Sunday, November 5, 2017

We Have One Agenda: Excellence

The sign, posted by Anson Dorrance, in the UNC Women's soccer locker room reads, 

We Have One Agenda: Excellence 

Ego and agenda can derail success. Kevin Eastman says, "fight for your culture every day." Steve Kerr focuses on three areas - mindset, mentorship, and culture. And the foundation for some of his philosophy is a 1972 tennis book. Here is the best brief summary. Unsurprisingly, the Inner Game reflects Kerr's beliefs about mindfulness

1) There are two games that we all play, an Outer Game and an Inner Game.
2) Learning is easy and incredible when we tap into our natural learning state. We interfere with natural learning by commands, demands, judgments, and criticism.
3) The key to success and top-performance is to ACT (Awareness, Choice, Trust).
4) Trying fails; Awareness cures.
5) Permission to fail leads to success.
6) We learn best via experiential learning.
7) Awareness is fed and nourished on sensory specific feedback.
8) Our focus of attention is the secret to mastery.
9) Success involves getting the clearest possible picture of your outcomes.
10) Success depends on mobility and flexibility.
11) When we create ‘think space’ we can step back and make clear decisions. Gallwey describes this using the acronym STOP: Step back, Think, Organize your thinking, Proceed.
12) We coach best through getting into the head of our client. 

The Navy SEALs preach priorities and emphasis through "Commander's Intent" to achieve the intermediate stages en route to end state. Without a clear vision of a successful end state, victory is problematic. From, "Commander’s Intent empowers initiative, improvisation, and adaptation by providing guidance of what a successful conclusion looks like. Commander’s Intent is vital in chaotic, demanding, and dynamic environments."

New England Patriots offensive line coach Dante Scarnecchia is one of the best in football. His absence corresponded to degraded performance; his return paralleled Super Bowl victory. About tackle Nate Solder (via Mike Reiss) he shares, "He’s done some things with his pass-protection stuff that has helped him improve -- on the punch, his hand use is much more violent, much more physical and less reactive/more proactive...I think this guy is really driven to be a good football player, and he’s worked at the things he can fix, and he’s working hard to improve." The obvious messages are control, toughness, and work.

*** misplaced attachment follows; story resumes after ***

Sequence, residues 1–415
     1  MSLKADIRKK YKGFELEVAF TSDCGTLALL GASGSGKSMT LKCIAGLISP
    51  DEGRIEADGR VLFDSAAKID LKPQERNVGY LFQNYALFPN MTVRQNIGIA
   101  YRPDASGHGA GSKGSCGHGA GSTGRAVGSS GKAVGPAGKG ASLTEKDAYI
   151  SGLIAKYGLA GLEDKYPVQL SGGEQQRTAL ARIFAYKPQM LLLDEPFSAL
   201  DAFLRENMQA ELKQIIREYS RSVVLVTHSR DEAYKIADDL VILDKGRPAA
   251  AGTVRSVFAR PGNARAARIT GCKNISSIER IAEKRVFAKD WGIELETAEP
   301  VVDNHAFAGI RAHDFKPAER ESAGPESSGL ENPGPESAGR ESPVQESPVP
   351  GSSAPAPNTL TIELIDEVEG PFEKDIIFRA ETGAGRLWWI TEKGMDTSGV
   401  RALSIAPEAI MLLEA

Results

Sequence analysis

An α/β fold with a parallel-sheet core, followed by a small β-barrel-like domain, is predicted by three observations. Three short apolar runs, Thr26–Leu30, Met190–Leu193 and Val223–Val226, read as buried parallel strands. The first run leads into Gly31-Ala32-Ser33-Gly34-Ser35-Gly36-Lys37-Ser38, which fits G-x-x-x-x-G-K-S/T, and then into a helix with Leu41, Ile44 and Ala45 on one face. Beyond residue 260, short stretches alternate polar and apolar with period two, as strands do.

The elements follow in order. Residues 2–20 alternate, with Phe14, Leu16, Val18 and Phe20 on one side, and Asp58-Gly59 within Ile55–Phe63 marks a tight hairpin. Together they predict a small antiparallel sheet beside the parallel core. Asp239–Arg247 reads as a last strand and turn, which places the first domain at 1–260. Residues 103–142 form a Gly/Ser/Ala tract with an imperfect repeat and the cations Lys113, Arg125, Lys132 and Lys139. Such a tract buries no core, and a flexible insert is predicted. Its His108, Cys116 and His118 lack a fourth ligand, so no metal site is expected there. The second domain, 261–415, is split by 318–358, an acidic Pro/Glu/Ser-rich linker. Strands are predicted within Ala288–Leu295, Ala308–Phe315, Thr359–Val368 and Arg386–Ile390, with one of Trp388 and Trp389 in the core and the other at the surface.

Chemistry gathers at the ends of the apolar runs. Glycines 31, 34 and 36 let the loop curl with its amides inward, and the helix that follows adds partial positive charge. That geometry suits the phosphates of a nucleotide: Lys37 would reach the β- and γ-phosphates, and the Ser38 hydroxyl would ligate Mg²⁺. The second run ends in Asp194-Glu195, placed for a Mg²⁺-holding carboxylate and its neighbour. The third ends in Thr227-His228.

Gregg Popovich has one picture in his office. “That’s the only picture in my office...I don’t think he thinks a lot about what I think. He’s John Havlicek.” I remember watching a diminished warrior Havlicek from the cheap seats in Boston Garden during the 1973 series against the Knicks. 

Relationships define us. Popovich has a special relationship with fellow greybeard Manu Ginobili. They reached an understanding. Gary Washburn writes, "‘I am Manu, this is what I do.’ I said, ‘OK, you go ahead and try to save one or two of those passes per game and I’ll shut up one or two times when they happen during the game.’

We practice an "open domain." Popovich, Steve Kerr, Brad Stevens, or Dwane Casey could spend hours explaining their systems unconcerned that we could coopt their programs. They're simply better at doing what they do. But the magic is always in the work. Injured Gordon Hayward discussed the Celtics' early success, "I think we’re competing, we’re playing extremely hard. That’s the first step."

Basketball has no cabal. Washburn writes of Lonzo Ball, "An NBA scout said at summer league that Ball would struggle to shoot because he can only shoot off the lefthanded dribble. Teams are going to force Ball to the right, where he appears uncomfortable with his shot. The fact that he releases the ball from his midsection (and not above his head like most shooters) is hurting his ability to get his shot off."

"How do I get better today?" 

If excellence came easily, everyone would stake their claim. I see personal excellence as an asymptote, an intractable worthy goal. 

Reading, reflecting, thinking, seeking feedback, searching for solutions via better questions, mindfulness, and crafting our process offer progress along the asymptote. Why not have one agenda: excellence? 

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